Diversity Dilemmas?

PROBLEMS IN PUBLISHING DEPARTMENT

b and n covers

THE BIG NEWS in the publishing world this week is the cancellation (in both meanings of the term) of Barnes & Noble’s “Diverse Editions” series– someone’s ill-advised marketing strategy for Black History Month, which consisted of putting black faces on the covers of classic novels like Mary Shelley’s Frankenstein. Critics argue that instead of such superficial gestures, big-time publishers should be signing more authors of color– to celebrate actual literary diversity. (A recent Lee and Low survey indicates that 79% of those who work in the publishing and book review industries are white. The same survey states that 78% of those in the field are women, but no one seems too concerned about that!)

Yes, by all means the Big Five publishing world based in New York City needs more diversity. There’s one super-huge problem in obtaining it– the over-reliance by these publishers on staffers with an Ivy League pedigree. (With a smattering of Stanford grads and upper-class Brits thrown in.)

The universities publishers recruit from sit at the top level of the most hierarchical and regressive industry in America: higher education.

What, you say? How could this be possible?

Universities are designed to be exclusionary. That’s, er, their whole point– to create artificial monopolies in field after field, industry after industry. Most pronounced the higher the prestige– and endowment– of the particular institution. A guild mentality, where if you’re a Member of the Club you get all the benefits. If not, tough luck. Gotta have that certificate, folks. Credentialism. “Meritocracy”– where as we’ve seen with recent scandals, the wealthy and powerful have better access to obtain the benefits for their ostensible merits.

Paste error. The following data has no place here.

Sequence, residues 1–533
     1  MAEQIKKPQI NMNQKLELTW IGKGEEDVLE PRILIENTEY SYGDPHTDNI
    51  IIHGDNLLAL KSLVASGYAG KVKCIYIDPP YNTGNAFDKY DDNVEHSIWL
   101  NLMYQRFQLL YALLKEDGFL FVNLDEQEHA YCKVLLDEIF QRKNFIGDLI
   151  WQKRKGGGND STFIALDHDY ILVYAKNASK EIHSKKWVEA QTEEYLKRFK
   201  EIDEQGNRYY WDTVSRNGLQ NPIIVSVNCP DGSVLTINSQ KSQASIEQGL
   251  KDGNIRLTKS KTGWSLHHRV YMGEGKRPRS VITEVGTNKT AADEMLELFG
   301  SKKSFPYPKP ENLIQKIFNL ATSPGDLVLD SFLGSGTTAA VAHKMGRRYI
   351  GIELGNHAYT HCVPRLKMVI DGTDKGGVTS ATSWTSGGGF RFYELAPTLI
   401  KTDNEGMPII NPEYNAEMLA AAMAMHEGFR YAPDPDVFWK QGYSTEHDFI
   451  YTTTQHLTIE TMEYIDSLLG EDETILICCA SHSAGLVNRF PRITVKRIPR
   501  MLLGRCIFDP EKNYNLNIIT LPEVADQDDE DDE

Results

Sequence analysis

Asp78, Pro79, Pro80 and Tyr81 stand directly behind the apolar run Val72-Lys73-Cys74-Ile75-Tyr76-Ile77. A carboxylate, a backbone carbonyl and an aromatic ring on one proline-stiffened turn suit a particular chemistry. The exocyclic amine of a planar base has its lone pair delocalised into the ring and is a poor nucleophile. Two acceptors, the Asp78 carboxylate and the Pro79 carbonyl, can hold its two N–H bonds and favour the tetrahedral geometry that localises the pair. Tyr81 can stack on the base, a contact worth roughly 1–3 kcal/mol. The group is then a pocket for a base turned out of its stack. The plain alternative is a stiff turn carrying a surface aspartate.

THIS IS MOST PRONOUNCED with Ivy League schools. Especially with Harvard and Yale. We recently went through a stretch where every U.S. President from 1988 up to 2016 was a graduate of either Harvard or Yale. Or both.

Is that what democracy looks like?

It might be that not until the “Big Five” lose their monopolistic position in the publishing world will true diversity arrive regarding the books that are published and promoted in America right now.

(Which is one reason we exist as a literary project.)

>>>><<<<>>>>

-Karl Wenclas for New Pop Lit NEWS

 

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